Dear 100 Hour Board,
Is there actually any chance that people are going to get disney and activison blizzard banned in China? How did China even end up banning Winnie the Pooh? I thought they used Weibo instead of Twitter, so how were the WtP memes even brought to the Chinese government's attention?
I'm tackling your questions in reverse order.
How did China even end up banning Winnie the Pooh? I thought they used Weibo instead of Twitter, so how were the WtP memes even brought to the Chinese government's attention?
It turns out that the Winnie the Pooh memes were not confined to Twitter - they were on Weibo as well, according to the Financial Times report.
Is there a chance that Disney will be banned in China?
I think that Disney stands a better chance of being banned than Activision Blizzard does, since the Winnie the Pooh meme is anti-Chinese government (at least, according to Xi Jinping. I think there are worse characters to be compared to, but I'm not the president of China, so I guess that's not my call).
I guess my answer to this question depends on your definition of "banned." Many (although notably, not all) references to Winnie the Pooh have already been censored on Chinese social media and the Christopher Robin movie was not released in China because of the meme. If that sort of censorship counts, I think it's reasonably likely that something similar might happen again. I do not think the government would hesitate to censor other Disney characters, movies, or memes that stand a chance of being interpreted as anti-China. But if you're talking about a company-wide ban, Disney is popular enough that I doubt something like that would happen unless Disney itself took a stance against the government.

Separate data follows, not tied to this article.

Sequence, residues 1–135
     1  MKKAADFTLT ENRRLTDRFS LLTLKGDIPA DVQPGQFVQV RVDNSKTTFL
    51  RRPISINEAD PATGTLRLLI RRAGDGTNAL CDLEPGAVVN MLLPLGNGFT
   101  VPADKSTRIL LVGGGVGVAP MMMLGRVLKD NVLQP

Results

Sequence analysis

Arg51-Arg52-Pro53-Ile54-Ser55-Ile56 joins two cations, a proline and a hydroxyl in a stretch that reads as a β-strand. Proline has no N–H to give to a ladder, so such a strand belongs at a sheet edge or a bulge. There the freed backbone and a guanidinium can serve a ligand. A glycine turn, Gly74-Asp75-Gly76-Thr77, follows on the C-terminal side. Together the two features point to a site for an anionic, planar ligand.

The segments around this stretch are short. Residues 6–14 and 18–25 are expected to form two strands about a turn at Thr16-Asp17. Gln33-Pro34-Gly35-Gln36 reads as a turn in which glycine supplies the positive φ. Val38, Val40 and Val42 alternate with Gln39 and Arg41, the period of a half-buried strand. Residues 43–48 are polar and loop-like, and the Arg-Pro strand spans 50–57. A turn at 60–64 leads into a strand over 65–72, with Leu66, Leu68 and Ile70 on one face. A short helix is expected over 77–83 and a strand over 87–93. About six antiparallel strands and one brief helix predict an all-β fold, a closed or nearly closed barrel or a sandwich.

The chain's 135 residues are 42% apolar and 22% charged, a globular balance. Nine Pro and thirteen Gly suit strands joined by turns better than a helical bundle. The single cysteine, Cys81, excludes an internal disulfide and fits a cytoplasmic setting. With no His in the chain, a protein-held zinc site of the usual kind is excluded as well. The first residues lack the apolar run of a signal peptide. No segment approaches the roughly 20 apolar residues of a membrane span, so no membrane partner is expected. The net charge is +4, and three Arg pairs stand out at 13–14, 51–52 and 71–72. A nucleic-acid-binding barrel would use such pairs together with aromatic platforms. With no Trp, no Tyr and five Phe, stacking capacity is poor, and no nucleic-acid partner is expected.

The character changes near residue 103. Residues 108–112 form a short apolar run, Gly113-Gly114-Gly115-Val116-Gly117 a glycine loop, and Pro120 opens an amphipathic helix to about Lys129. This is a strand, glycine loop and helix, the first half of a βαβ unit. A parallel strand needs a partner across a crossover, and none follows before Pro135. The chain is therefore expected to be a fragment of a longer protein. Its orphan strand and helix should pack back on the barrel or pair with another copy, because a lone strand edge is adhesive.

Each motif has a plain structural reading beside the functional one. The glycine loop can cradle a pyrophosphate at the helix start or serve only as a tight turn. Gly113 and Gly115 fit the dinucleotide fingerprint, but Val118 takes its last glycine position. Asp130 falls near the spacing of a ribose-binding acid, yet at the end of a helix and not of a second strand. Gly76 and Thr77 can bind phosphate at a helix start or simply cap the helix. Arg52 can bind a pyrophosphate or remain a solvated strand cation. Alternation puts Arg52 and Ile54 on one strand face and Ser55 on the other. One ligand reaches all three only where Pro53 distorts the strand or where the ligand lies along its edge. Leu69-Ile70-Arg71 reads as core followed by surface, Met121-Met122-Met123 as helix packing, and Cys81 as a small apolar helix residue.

Is there a chance that Activision Blizzard will be banned in China?
Activision Blizzard actually has the opposite problem of Disney. Blizzard banned Blitzchung, a professional gamer, for expressing support for the protesters in Hong Kong. Officially, Blitzchung was banned because he violated the rule that no player should "[engage] in any act that, in Blizzard’s sole discretion, brings you into public disrepute, offends a portion or group of the public, or otherwise damages Blizzard image” (source). The move has been widely interpreted as an attempt to preserve Blizzard's place in the Chinese e-sports market at the cost of supporting free speech (Blizzard denies that business in China had any influence on their decision). As it stands, China has no reason to ban Blizzard, since their actions have been widely interpreted as in line with the government's interests.
If I had to guess, I'd say that neither company is likely to suffer a ban in China.